The fate of the squir­rel is en­twined with that of the red spruce and the fungi through a com­plex sym­bi­otic re­la­tion­ship. Ba­si­cally, the fungi are my­c­or­rhizal, liv­ing un­der­ground and at­tached to the trees’ roots. They help the trees break down and take up nu­tri­ents and wa­ter and pro­tect the trees’ roots from harm­ful fungi and ne­ma­todes. Be­cause the fungi are un­der­ground, they rely on a specialist like the squir­rel in or­der to re­pro­duce and spread. The squir­rel eats the fungi, dis­pers­ing their spores when it defe­cates.

Some re­searchers, in­clud­ing Ron, say the sym­bi­otic na­ture of the squir­rel’s re­la­tion­ship to the fungi may mean it’s a key­stone species of the red spruce for­est ecosys­tem — if the squir­rel dis­ap­pears, the for­est could also. The fungi make up the ma­jor por­tion of the squir­rel’s diet — up to 98 per­cent in the Pa­cific North­west, ac­cord­ing to one study. Ron adds that the squir­rel’s diet can be more var­ied in the south­ern Ap­palachi­ans.

In the study of the Carolina fly­ing squir­rel in North Carolina, the study area was sim­i­lar to those of high-el­e­va­tion red spruce forests, but the for­est there was al­most de­void of conifers, Ron says. So what were the squir­rels eat­ing? Ron sug­gests it may be dif­fer­ent my­c­or­rhizal fungi that are as­so­ci­ated with er­i­ca­ceous shrubs, which were also in the study area, in­clud­ing lau­rel, blue­berry and rhodo­den­dron. He adds that more re­search on the squir­rel’s diet is needed.

The lack of suit­able fungi at lower el­e­va­tions in the south­ern Ap­palachi­ans — and the north­ern fly­ing squir­rel’s vul­ner­a­bil­ity to preda­tors, par­a­sites and dis­eases there — will likely keep the squir­rel at high el­e­va­tions, threat­en­ing its sur­vival there, Ron says. The Carolina fly­ing squir­rel and the Vir­ginia (aka West Vir­ginia) vari­ant, which are the only sub­species found in Vir­ginia, are listed as en­dan­gered on state and federal lists.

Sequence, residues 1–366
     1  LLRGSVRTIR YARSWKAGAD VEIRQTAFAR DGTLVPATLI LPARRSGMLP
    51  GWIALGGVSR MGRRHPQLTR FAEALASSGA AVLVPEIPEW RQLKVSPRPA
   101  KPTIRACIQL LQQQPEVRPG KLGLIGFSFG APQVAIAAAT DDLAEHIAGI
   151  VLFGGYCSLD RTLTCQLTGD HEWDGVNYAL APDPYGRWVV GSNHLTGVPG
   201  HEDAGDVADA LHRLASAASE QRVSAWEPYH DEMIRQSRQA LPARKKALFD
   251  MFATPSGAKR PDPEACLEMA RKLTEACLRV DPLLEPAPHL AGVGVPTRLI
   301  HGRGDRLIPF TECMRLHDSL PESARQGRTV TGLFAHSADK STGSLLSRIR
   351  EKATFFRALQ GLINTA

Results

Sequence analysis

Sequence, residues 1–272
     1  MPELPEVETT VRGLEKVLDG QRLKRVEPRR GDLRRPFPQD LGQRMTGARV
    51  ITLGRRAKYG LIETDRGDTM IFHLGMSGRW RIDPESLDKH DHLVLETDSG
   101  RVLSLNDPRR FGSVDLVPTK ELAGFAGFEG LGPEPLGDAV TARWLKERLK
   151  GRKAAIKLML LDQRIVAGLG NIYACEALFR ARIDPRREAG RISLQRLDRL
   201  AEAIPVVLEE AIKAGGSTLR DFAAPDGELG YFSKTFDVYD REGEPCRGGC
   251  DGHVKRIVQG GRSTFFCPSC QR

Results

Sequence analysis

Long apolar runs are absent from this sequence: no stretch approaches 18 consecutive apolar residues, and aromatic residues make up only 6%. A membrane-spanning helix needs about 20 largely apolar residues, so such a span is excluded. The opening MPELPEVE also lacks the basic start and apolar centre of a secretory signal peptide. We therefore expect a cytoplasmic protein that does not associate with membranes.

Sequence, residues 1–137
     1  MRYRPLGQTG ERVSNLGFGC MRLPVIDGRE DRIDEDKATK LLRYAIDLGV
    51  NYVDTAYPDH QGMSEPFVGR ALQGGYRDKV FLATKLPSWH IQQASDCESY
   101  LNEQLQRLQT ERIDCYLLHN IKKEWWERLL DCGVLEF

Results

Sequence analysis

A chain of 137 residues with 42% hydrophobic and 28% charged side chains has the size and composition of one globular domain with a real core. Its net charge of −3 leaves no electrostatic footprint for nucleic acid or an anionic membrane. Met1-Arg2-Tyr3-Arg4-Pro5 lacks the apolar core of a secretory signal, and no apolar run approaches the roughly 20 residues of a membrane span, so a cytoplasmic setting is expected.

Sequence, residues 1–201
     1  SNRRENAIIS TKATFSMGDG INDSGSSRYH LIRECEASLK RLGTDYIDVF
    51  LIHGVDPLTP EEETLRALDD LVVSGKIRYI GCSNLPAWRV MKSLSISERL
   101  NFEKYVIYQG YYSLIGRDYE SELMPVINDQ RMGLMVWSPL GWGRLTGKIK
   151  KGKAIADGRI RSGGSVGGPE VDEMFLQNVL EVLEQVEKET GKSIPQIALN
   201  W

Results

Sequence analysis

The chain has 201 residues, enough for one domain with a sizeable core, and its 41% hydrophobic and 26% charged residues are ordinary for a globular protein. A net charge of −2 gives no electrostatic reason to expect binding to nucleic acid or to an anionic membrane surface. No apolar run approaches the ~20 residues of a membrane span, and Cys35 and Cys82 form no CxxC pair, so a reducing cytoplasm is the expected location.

“Their plight in the Ap­palachi­ans started when hu­mans started to de­stroy all the spruce forests,” Ron ex­plains. These forests de­pend on a rich sub­strate of hu­mus to sur­vive. In re­turn, the trees pro­vide shade and slow runoff, which pro­tects the sub­strate. Once the trees are re­moved, Ron says, the peat- like sub­strate dries out and fires are more likely to oc­cur, de­stroy­ing it for­ever, along with the spruces’ seeds.

While the south­ern and north­ern fly­ing squir­rel species, “do not like each other,” ac­cord­ing to Ron, their ranges can over­lap a bit at higher el­e­va­tions. There, they will of­ten use the same nest­ing sites, in­clud­ing wood­pecker holes, or the for­mer nests of birds and other squir­rels. This has led to a fur­ther stres­sor on the north­ern species: An in­testi­nal ne­ma­tode car­ried by the south­ern species that has lit­tle ef­fect on that car­rier but kills north­ern fly­ing squir­rels, ac­cord­ing to a Jan­uary 2010 ar­ti­cle in the “Jour­nal of Wildlife Dis­eases.”

While only the south­ern fly­ing squir­rel is likely to be spotted in Rap­pa­han­nock these days, “un­til pretty re­cently there were prob­a­bly north­ern fly­ing squir­rels in Shenan­doah Na­tional Park,” Ron says. Al­though sur­veys for them done around Hawks­bill Moun­tain did not turn up any ev­i­dence, “I bet you that a pretty good per­cent­age of the park above 3,200 feet el­e­va­tion had spruce on it,” he adds, bas­ing this on the rem­nant bal­sam fir trees that are still there.

While sev­eral con­ser­va­tion or­ga­ni­za­tions and govern­ment agencies have united in West Vir­ginia to refor­est ar­eas where red spruce has been de­stroyed so north­ern fly­ing squir­rel pop­u­la­tions can re­bound,, Ron says no such ef­fort is un­der­way in Vir­ginia.

BY LARRY SHER­ERTZ

Al­though leav­ing out bird feed­ers can at­tract some very un­wel­come vis­i­tors, a bit of seed left out here in Rap­pa­han­nock can at­tract a com­mon yet rarely seen noc­tur­nal denizen of Vir­ginia’s forests, the south­ern fly­ing squir­rel.